The reader is invited to investigate changes (or permutations) in the ringing of church bells, illustrated by braid diagrams showing the order in which the bells are rung.
How many different ways can I lay 10 paving slabs, each 2 foot by 1 foot, to make a path 2 foot wide and 10 foot long from my back door into my garden, without cutting any of the paving slabs?
The whole set of tiles is used to make a square. This has a green and blue border. There are no green or blue tiles anywhere in the square except on this border. How many tiles are there in the set?
Lyndon Baker describes how the Mobius strip and Euler's law can introduce pupils to the idea of topology.
Triangular numbers can be represented by a triangular array of squares. What do you notice about the sum of identical triangle numbers?
There are 27 small cubes in a 3 x 3 x 3 cube, 54 faces being visible at any one time. Is it possible to reorganise these cubes so that by dipping the large cube into a pot of paint three times you. . . .
A circle rolls around the outside edge of a square so that its circumference always touches the edge of the square. Can you describe the locus of the centre of the circle?
Place a red counter in the top left corner of a 4x4 array, which is covered by 14 other smaller counters, leaving a gap in the bottom right hand corner (HOME). What is the smallest number of moves. . . .
Slide the pieces to move Khun Phaen past all the guards into the position on the right from which he can escape to freedom.
This article for teachers discusses examples of problems in which there is no obvious method but in which children can be encouraged to think deeply about the context and extend their ability to. . . .
An irregular tetrahedron is composed of four different triangles. Can such a tetrahedron be constructed where the side lengths are 4, 5, 6, 7, 8 and 9 units of length?
Euler discussed whether or not it was possible to stroll around Koenigsberg crossing each of its seven bridges exactly once. Experiment with different numbers of islands and bridges.
A game for 2 players
A Hamiltonian circuit is a continuous path in a graph that passes through each of the vertices exactly once and returns to the start. How many Hamiltonian circuits can you find in these graphs?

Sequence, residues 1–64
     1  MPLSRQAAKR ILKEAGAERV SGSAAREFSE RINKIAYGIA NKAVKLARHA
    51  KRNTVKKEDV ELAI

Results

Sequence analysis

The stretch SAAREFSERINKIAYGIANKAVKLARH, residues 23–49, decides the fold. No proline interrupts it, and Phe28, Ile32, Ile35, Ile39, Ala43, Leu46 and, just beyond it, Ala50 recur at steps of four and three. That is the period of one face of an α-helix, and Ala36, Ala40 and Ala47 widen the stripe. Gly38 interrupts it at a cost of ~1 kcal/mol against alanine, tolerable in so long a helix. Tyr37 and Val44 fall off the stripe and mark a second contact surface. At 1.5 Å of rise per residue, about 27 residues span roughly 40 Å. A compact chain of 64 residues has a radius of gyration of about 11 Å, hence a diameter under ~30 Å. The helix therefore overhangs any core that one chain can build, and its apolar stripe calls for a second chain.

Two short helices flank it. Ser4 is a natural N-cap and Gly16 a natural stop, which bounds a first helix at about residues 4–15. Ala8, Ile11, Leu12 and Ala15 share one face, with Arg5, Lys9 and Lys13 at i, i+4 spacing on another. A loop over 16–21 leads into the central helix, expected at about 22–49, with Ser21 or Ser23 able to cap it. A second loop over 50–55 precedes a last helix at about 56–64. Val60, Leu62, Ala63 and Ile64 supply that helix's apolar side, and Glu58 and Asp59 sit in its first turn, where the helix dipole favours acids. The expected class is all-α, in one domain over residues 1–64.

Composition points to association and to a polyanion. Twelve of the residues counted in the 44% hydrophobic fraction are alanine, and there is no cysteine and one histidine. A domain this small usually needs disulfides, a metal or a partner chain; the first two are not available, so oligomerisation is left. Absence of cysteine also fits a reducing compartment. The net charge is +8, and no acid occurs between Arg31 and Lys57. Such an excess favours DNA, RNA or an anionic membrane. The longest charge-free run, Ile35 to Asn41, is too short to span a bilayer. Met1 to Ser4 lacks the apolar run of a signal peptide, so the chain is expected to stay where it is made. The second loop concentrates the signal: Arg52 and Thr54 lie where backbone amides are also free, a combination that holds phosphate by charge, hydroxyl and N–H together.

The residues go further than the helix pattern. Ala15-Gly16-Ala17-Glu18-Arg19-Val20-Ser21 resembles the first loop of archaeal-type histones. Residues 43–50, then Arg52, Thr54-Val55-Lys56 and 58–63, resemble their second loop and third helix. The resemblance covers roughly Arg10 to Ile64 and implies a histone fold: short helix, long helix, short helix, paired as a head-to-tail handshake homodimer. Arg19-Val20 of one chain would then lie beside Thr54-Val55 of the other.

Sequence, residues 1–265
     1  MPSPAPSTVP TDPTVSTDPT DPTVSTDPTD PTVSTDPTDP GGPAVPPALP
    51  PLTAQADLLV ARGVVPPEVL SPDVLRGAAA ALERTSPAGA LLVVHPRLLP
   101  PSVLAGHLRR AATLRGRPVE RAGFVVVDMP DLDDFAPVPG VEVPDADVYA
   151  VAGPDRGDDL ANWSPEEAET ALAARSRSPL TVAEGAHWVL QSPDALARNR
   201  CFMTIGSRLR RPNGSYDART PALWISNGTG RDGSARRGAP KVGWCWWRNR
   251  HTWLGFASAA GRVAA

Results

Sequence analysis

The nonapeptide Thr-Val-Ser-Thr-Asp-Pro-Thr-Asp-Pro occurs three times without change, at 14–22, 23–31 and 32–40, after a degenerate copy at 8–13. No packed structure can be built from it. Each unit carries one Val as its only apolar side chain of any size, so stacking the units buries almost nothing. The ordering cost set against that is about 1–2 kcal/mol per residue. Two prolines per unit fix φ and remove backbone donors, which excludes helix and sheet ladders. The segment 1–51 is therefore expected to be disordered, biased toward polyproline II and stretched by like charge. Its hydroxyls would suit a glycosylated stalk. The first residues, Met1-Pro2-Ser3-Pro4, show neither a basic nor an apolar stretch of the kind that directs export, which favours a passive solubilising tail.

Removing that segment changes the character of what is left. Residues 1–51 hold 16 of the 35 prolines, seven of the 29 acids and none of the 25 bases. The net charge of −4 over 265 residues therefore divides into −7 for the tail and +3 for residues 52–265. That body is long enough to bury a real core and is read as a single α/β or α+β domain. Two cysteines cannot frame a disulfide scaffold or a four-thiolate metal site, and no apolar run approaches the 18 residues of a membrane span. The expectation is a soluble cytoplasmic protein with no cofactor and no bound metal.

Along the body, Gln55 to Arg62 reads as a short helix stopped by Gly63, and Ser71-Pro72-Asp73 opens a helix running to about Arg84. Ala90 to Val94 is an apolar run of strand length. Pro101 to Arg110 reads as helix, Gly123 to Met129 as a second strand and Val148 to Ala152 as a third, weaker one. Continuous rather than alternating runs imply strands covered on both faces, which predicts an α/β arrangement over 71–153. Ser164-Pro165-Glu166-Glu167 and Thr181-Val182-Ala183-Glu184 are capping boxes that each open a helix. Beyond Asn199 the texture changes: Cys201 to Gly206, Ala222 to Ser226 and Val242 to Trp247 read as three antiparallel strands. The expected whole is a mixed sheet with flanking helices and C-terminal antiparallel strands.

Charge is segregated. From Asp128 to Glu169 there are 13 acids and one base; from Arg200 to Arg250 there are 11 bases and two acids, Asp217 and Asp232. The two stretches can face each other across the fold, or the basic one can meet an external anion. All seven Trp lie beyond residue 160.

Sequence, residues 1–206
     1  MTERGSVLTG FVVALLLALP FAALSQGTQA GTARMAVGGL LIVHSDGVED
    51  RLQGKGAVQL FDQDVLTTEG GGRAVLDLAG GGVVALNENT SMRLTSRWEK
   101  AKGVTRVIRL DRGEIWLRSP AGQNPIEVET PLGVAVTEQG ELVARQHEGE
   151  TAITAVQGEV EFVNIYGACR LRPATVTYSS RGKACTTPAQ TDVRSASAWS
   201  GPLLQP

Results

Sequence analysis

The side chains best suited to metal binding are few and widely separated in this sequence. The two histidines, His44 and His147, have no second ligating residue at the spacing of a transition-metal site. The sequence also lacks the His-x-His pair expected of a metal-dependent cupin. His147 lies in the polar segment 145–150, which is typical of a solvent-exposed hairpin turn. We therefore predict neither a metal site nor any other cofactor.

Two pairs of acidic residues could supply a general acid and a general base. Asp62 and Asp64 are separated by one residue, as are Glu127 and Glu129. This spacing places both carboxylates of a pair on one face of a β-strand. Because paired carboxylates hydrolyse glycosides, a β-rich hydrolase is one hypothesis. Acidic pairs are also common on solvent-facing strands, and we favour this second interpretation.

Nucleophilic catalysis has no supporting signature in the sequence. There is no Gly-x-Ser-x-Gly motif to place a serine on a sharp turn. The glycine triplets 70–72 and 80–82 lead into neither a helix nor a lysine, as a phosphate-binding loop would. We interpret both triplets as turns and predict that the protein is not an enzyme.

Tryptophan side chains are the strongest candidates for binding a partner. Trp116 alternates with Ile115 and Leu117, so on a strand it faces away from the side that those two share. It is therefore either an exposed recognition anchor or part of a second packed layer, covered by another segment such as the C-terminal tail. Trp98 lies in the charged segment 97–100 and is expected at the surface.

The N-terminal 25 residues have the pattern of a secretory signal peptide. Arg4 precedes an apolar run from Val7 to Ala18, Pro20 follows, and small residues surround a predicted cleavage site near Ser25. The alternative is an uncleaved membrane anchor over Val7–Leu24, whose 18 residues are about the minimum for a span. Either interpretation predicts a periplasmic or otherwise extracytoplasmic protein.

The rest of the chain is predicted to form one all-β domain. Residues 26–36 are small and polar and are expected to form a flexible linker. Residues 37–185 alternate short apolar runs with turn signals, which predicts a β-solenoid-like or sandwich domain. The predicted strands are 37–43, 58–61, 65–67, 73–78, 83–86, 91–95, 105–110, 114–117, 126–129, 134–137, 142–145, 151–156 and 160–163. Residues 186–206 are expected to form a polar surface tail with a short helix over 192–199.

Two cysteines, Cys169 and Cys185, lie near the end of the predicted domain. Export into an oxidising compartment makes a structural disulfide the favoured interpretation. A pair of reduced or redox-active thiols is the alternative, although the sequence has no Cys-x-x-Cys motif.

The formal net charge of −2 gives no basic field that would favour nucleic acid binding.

This is a simple version of an ancient game played all over the world. It is also called Mancala. What tactics will increase your chances of winning?
A game for 2 players. Can be played online. One player has 1 red counter, the other has 4 blue. The red counter needs to reach the other side, and the blue needs to trap the red.
The aim of the game is to slide the green square from the top right hand corner to the bottom left hand corner in the least number of moves.
Players take it in turns to choose a dot on the grid. The winner is the first to have four dots that can be joined to form a square.
This is an interactive net of a Rubik's cube. Twists of the 3D cube become mixes of the squares on the 2D net. Have a play and see how many scrambles you can undo!
Can you use small coloured cubes to make a 3 by 3 by 3 cube so that each face of the bigger cube contains one of each colour?
Charlie and Alison have been drawing patterns on coordinate grids. Can you picture where the patterns lead?
Given the nets of 4 cubes with the faces coloured in 4 colours, build a tower so that on each vertical wall no colour is repeated, that is all 4 colours appear.
Points P, Q, R and S each divide the sides AB, BC, CD and DA respectively in the ratio of 2 : 1. Join the points. What is the area of the parallelogram PQRS in relation to the original rectangle?
You can move the 4 pieces of the jigsaw and fit them into both outlines. Explain what has happened to the missing one unit of area.